Workshop: Thinking with the Dancing Brain: Embodying Neuroscience, Rima Faber and Sandra Minton
Neurological exploration of the brain is a current internal research frontier. Rima Faber and Sandra Minton co-authored a recently published book, Thinking with the Dancing Brain: Embodying Neuroscience. Each chapter in the book addresses thought processes in dance by: describing the processes, explaining the brain networks involved, providing connections to academic classroom pedagogy, applying the information to movement and dance, and guiding the reader through movement explorations and improvisations pertinent to each process. The proposed workshop would follow this format from prime selected portions of the book.
This experiential workshop highlights discoveries about and the embodiment of thought process used in dance in relation to brain function. It links the dancing brain to practice, pedagogy, 21st Century Skills, and provide movement explorations in applications to learning dance. The practical nature of this presentation provides explorations teachers can use to develop thinking skills in their students.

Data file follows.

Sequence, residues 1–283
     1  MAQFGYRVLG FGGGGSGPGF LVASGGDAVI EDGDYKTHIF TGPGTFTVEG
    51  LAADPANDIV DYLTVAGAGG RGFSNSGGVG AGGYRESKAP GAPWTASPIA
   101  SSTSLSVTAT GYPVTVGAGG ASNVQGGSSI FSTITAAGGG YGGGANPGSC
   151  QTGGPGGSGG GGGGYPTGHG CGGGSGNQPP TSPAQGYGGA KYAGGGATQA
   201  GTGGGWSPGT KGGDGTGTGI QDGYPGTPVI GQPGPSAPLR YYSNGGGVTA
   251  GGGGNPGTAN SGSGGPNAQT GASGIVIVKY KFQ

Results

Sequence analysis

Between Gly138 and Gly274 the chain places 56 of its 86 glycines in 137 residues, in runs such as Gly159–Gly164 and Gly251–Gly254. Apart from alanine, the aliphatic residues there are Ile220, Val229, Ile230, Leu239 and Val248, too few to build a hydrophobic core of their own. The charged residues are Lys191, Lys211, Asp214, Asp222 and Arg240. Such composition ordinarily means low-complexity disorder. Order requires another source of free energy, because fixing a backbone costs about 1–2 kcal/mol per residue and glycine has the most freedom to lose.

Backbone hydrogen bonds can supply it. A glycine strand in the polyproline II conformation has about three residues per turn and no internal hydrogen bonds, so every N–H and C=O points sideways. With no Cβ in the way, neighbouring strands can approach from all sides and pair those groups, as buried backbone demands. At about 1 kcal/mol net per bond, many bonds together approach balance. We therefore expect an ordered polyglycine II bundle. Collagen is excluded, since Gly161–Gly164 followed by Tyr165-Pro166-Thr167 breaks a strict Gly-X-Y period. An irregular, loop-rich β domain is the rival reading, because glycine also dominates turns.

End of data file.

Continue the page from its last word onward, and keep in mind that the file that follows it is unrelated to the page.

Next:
The presentation benefits the field of dance and education by showing that the brain functions discovered through neuroscience research are closely aligned with dance education practices. The connection between dance and neuroscience provides a fresh look at common dance curricula. It places dance education on a level playing field with the other arts and academic areas that are normally included in schools across America. Dance exercises the brain, meets the National Core Arts Standards for Dance, and teaches 21st Century Skills. All of these connections provide advocacy tools for dance educators and for the inclusion of dance in schools.
Little research has been pursued based on the neurology of the artistic processes of dance (creating, performing, responding, and connecting), but a great amount has been learned about how the brain is wired and functions in relation to many thought processes. The workshop and book present a practical approach that focusses on the embodiment of neuroscience discoveries applied to the thought processes used in dance. Learning dance necessitates using mental abilities in observation, analysis, pattern recognition, memory, and transference/transformation of ideas and knowledge while choreographing relies on imagination, pattern formation and problem solving as well as generating emotional content. The neurology for these thought processes are embodied in movement.